A common strategy in trading is to use a bollinger band system. Simply put, we bet on reversion to the mean and take the opposite trade to the current movement under the assumption a move is overdone.

However implicit in this is the idea of standard deviation which really only applies to symmetrical distributions. Generally, stocks, futures, etc have long tails. So it would seem regardless this strategy would likely fail any serious scrutiny outside of pairs trading.

We can take the log return of the price series. If returns are distributed log normally then log returns are distributed normally. Suppose this series passes the ADF test with p < 0.01, and a hurst exponent test reveals mild mean reversion properties (0.45 <= H < 0.5).

I've searched and searched and I have not found any information regarding trading this series. Since no one has written about it, it seems like I'm walking into a waste of time. Why couldn't we apply a simple bollinger band strategy to the log return series (rolling) and trade this instead of the price? In the case of "higher frequency data", for example 15 minutes or less, in a highly liquid market it would seem this would have some value.


1 Answer 1


Firstly, distributions don't have to be symmetrical to have a standard deviation. In addition, I think you mean that financial instruments (stocks, futures, ect.) have FAT tails not long tails. This affects the value of the standard deviation but doesn't prohibit its existence.

About your proposed strategy; I think it's important to realize that a lognormal distribution for the price series (which implies the normal distribution for the return series) is an assumption. Since a lognormal distribution has a variance you are implicitly doing the assumption that allows for the first strategy to be applied as well.


  1. Neither fat tails nor asymmetry prevents a price series to have a standard deviation.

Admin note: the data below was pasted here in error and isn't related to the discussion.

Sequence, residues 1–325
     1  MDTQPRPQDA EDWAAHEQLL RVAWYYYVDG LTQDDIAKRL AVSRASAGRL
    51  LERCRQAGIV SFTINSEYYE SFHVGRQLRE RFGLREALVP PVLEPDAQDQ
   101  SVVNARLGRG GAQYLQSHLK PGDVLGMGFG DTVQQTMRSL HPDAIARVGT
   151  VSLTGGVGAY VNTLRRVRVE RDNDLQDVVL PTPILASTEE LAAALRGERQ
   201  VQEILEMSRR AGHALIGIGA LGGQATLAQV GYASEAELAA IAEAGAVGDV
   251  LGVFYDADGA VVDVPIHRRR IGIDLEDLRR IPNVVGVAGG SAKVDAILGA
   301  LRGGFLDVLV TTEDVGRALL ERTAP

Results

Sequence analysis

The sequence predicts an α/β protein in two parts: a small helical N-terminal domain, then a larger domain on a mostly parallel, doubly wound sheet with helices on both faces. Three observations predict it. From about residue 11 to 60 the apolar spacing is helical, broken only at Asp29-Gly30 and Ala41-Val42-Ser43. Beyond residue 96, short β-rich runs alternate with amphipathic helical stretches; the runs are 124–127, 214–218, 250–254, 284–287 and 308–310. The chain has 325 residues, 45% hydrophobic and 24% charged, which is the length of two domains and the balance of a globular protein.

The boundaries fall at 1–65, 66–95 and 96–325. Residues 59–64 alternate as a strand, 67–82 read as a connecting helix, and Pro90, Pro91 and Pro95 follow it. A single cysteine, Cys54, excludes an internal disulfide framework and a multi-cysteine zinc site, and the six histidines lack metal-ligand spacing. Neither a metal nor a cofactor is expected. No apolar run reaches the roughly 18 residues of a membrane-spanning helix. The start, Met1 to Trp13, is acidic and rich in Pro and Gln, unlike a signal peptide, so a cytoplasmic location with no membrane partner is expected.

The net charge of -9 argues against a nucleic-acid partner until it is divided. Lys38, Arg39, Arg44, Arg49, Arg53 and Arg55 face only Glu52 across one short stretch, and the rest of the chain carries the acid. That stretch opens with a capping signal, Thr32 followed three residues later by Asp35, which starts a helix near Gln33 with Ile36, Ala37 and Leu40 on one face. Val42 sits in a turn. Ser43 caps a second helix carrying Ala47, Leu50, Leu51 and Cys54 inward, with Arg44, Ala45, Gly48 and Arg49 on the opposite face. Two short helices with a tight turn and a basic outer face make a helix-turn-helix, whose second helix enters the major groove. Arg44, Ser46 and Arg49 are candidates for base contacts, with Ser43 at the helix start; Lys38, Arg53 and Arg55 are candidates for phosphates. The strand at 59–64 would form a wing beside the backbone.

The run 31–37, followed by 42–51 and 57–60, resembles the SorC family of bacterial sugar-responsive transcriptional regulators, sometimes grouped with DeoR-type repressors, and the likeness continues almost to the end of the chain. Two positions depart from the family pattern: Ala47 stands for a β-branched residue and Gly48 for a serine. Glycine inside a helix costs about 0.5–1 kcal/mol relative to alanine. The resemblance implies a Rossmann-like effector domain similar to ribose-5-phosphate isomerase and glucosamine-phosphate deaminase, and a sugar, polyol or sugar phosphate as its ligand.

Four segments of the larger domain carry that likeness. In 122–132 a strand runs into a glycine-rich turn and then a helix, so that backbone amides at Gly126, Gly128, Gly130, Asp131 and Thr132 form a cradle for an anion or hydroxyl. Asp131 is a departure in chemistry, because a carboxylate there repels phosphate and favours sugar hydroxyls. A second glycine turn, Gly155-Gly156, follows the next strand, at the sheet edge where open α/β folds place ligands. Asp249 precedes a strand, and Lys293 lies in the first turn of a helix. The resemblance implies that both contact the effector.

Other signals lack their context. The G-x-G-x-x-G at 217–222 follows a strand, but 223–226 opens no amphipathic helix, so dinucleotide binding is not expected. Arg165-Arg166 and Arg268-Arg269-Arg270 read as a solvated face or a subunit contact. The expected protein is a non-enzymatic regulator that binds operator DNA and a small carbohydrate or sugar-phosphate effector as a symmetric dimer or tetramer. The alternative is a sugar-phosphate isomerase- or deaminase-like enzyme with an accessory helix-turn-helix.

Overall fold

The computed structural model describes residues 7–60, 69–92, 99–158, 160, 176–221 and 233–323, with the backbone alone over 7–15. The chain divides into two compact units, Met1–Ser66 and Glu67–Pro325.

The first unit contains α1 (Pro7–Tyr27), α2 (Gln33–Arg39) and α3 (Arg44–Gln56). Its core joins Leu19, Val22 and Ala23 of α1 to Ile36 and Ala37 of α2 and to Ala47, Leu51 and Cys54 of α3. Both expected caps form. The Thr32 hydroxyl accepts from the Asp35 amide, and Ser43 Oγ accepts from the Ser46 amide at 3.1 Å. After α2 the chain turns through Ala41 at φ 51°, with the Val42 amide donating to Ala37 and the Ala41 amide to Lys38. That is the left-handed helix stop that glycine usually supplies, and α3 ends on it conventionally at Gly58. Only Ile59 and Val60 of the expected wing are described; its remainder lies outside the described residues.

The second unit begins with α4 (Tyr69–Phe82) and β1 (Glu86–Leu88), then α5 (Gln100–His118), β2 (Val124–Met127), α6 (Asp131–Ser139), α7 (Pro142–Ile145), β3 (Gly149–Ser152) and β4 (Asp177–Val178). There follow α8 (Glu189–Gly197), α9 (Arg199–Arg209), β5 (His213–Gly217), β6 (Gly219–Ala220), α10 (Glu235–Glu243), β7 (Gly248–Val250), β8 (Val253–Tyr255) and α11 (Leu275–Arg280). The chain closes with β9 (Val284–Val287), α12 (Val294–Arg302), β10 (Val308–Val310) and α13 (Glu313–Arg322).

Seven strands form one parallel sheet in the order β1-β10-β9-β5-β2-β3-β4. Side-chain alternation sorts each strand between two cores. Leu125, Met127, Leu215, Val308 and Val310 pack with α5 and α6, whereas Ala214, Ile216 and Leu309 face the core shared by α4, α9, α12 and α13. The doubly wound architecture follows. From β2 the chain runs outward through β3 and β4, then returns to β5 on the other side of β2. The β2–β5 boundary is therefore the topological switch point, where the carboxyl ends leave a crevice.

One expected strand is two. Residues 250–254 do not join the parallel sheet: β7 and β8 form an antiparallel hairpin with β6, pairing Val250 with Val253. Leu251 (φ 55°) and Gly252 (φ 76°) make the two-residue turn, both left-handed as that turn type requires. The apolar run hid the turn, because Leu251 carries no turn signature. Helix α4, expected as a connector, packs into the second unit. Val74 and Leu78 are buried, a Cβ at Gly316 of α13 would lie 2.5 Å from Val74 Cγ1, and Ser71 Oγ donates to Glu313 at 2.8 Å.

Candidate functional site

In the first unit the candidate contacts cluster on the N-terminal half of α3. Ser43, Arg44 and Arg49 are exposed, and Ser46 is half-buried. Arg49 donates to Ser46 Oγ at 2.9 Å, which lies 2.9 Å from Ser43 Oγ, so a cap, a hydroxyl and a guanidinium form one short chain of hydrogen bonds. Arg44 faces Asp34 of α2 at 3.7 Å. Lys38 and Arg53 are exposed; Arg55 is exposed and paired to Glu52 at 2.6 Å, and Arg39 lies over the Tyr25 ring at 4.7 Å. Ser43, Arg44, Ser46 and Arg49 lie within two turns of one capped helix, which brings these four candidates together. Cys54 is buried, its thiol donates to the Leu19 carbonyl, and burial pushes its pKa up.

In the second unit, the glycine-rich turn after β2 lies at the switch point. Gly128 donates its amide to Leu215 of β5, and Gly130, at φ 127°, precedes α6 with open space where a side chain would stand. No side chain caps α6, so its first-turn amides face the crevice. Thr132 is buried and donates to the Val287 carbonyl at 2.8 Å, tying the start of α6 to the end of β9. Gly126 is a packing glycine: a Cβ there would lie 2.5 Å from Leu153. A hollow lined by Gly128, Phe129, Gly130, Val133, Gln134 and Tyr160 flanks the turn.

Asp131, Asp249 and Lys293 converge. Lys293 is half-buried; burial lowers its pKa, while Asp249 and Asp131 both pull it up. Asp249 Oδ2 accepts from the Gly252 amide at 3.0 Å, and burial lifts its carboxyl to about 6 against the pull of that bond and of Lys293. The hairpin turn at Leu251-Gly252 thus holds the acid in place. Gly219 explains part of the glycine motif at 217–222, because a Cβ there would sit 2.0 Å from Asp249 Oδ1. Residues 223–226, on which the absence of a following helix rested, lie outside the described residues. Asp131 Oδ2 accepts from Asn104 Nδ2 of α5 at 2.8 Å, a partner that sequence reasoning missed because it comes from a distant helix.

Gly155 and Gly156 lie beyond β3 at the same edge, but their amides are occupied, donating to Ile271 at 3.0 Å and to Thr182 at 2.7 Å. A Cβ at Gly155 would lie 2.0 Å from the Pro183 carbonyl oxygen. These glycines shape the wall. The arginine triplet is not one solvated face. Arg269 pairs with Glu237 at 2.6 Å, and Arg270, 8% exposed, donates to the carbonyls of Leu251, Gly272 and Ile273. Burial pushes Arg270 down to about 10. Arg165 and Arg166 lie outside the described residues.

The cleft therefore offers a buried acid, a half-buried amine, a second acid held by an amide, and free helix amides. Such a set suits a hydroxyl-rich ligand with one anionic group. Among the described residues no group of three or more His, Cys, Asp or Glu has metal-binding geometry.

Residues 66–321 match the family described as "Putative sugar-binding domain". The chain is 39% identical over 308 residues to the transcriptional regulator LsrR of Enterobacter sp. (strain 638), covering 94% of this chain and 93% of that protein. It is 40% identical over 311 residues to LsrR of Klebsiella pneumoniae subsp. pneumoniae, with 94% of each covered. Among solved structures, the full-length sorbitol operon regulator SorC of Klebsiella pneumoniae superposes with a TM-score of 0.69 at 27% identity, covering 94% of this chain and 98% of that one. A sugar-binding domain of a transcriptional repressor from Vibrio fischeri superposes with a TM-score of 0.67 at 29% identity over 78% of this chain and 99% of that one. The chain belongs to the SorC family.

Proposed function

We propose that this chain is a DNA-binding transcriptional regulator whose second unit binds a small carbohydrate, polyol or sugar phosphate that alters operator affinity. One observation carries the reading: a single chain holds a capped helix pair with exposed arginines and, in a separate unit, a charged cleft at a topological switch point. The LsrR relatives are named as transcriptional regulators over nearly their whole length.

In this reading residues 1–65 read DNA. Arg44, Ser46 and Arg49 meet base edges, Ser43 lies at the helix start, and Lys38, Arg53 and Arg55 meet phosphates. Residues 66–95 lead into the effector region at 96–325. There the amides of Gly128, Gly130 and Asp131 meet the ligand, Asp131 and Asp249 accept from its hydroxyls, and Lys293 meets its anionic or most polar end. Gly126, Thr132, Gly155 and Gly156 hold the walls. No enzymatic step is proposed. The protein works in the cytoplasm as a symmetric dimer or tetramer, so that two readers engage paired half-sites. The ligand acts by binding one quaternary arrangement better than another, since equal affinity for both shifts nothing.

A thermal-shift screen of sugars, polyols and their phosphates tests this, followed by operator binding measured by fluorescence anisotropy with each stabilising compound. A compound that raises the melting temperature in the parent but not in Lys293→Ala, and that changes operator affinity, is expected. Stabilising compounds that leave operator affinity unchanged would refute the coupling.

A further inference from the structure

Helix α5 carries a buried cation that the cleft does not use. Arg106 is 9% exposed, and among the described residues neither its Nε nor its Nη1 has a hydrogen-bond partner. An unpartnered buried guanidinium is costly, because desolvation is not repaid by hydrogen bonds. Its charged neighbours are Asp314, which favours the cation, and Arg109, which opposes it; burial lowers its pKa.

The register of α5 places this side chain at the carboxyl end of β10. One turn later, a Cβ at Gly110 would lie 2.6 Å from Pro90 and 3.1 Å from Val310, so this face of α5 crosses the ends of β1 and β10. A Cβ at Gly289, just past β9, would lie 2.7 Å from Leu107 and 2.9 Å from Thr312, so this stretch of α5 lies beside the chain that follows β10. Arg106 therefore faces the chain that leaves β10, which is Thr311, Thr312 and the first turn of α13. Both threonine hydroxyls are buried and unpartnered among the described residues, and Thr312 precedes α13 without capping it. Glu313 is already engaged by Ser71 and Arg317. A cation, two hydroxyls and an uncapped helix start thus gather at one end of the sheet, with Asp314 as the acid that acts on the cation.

2. If the return series is normally distributed, the price series is lognormally distributed and consequently has a variance. Both strategies thus rest on a similar assumption.

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    $\begingroup$ I see I hadn't made the connection that by doing one you are implicitly doing the other. It does make sense in hindsight. Since returns can't be decoupled from the price (obviously) trading one well would mean trading the other well. $\endgroup$
    – John S.
    Commented Jul 8, 2022 at 14:47
  • $\begingroup$ Hi: if you use the log price ( to calculate the mave and std ) with BBs and you use log price on the vertical axis of the BB plot, then the vertical difference between log price at time t+n and the log price at time t, is ( approximately ), the n period return. So, if the log price has crossed over its upper $ k \times sigma band $, since n periods ago, it's saying that the return has gotten larger in the last n periods. But it's not the case that, when generating entries and exits, using the return and it's variance is in any way equivalent to using the log price and it's variance. $\endgroup$
    – mark leeds
    Commented Jul 8, 2022 at 21:52
  • $\begingroup$ What I'm saying above ( in a confusing way ) is that if you take a stock's price series and use A) the log price and its variance to construct BB's and then also B) use returns and its variance to construct BB's, you will get two very different results when looking at the entries and exits. $\endgroup$
    – mark leeds
    Commented Jul 8, 2022 at 21:56

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